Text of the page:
4 Signs God Is Making You Suffer Before Giving You What You Want

Ecclesiastes 7:8-12

Not all suffering is directly from God. Some hard things are just the consequence of living on a sinful, broken planet where people make free choices.

With that said, God still always does have a purpose for the suffering, and sometimes he even causes or allows suffering as a way of preparing us for blessings he wants to give us (Hebrews 12:7-11).

Therefore, here are 4 signs God is making you suffer before giving you what you want.

1. When a Blessing Would Be a Curse in the Hands of an Immature Saint, God Will Mature that Saint Before Blessing Them With that Gift

Blessings from God are like tools. A tool’s usefulness will ultimately be determined by the person using that tool. A saw can cut wood and make something beautiful, or it can cut flesh and destroy something beautiful.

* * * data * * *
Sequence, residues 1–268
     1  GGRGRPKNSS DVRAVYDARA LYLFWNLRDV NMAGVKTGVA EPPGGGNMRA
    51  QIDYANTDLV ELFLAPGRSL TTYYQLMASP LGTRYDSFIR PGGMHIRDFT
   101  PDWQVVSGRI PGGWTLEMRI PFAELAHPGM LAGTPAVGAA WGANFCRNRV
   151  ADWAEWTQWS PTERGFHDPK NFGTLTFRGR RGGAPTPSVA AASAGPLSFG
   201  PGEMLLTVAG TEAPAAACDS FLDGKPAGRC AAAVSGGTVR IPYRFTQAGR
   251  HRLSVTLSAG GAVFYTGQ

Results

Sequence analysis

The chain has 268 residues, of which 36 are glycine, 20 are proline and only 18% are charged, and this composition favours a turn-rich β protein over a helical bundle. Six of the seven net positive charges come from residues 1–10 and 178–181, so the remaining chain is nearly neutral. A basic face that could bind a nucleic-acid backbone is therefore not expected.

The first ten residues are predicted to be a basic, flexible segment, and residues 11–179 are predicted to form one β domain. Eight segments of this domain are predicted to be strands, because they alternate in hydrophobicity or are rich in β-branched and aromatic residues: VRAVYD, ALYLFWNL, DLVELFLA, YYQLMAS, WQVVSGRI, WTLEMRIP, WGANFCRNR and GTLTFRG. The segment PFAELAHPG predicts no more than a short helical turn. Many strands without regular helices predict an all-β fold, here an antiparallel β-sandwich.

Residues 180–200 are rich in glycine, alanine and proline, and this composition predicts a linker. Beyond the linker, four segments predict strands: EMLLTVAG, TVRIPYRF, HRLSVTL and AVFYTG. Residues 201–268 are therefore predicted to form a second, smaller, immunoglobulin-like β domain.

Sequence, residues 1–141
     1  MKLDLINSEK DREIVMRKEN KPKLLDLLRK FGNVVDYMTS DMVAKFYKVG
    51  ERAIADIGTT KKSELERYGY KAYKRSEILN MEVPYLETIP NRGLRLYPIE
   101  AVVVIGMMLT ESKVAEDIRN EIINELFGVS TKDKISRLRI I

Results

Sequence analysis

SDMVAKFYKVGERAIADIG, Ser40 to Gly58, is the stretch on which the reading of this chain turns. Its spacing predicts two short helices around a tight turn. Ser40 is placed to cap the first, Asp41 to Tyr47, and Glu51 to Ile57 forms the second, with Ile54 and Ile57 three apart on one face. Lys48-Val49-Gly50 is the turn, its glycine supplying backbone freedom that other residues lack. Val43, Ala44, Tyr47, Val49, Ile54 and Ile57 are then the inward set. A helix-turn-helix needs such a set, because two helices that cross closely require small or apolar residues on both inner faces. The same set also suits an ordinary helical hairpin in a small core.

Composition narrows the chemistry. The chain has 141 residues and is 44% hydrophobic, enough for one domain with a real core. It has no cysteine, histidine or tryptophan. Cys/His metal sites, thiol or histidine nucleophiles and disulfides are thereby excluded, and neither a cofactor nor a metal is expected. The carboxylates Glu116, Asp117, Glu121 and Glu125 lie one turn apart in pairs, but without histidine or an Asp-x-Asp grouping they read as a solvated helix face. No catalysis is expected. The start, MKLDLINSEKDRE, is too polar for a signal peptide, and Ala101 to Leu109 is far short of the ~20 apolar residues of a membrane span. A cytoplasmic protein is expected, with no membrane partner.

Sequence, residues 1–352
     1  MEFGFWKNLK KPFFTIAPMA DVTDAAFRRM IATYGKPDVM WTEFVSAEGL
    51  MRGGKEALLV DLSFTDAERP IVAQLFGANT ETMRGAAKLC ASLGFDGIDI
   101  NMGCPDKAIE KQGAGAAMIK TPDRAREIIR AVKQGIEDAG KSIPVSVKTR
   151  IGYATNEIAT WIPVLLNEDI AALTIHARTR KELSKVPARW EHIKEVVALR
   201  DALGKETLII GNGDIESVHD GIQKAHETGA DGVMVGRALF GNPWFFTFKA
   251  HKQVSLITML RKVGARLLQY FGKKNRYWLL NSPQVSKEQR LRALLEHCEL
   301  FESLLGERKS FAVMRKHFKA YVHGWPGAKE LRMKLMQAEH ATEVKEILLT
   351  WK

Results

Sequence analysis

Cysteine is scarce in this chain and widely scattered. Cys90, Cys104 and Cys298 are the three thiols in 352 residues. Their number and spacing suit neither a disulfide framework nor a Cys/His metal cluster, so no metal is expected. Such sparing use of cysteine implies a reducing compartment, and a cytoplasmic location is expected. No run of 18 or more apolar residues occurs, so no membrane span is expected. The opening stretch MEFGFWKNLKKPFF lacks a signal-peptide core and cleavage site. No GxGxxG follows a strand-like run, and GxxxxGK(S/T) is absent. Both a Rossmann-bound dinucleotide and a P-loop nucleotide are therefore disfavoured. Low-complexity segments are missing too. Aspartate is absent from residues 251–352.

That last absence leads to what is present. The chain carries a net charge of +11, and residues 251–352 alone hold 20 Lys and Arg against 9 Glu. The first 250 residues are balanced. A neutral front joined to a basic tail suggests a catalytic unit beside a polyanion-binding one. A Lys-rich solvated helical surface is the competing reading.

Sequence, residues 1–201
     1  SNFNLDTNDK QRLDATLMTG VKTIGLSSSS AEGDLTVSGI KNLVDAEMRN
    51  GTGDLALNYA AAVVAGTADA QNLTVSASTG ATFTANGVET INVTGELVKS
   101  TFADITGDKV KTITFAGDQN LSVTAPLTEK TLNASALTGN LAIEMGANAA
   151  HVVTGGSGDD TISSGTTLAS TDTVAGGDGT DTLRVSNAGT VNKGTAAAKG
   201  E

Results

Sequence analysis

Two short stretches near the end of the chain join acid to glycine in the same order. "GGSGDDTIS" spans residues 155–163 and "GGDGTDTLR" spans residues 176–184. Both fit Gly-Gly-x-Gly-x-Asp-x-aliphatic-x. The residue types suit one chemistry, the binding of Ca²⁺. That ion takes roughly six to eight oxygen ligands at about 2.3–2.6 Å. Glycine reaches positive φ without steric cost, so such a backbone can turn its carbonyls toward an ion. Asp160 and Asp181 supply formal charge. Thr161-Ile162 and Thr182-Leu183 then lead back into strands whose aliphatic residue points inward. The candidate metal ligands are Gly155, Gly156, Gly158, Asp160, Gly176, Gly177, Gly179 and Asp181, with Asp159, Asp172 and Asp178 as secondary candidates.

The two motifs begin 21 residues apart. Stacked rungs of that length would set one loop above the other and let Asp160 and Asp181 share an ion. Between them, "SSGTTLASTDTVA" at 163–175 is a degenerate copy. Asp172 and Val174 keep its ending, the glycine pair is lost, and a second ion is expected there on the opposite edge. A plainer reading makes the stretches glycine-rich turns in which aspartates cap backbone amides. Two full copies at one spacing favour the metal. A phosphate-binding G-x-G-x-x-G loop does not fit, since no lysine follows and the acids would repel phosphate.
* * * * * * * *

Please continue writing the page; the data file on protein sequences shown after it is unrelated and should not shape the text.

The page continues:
Ecclesiastes 7:2 states (NIV), “It is better to go to a house of mourning than to go to a house of feasting, for death is the destiny of everyone; the living should take this to heart.” This principle means that we are matured more through sadness than through gladness. Earthly pleasures are fleeting, and if we get too obsessed with them, we will forget that we can take nothing with us to eternity. When we live for this life and forget about the next, we are wasting our lives.

Of course God still wants to bless us with earthly blessings, with good relationships, and with other things we want (1 Timothy 6:17). But in love he must mature us first, otherwise the blessing will be a curse. As Proverbs 20:21 explains, “An inheritance gained hastily in the beginning will not be blessed in the end.”

2. Without Seasons of Hardships, We Grow Weak and Spiritually Fat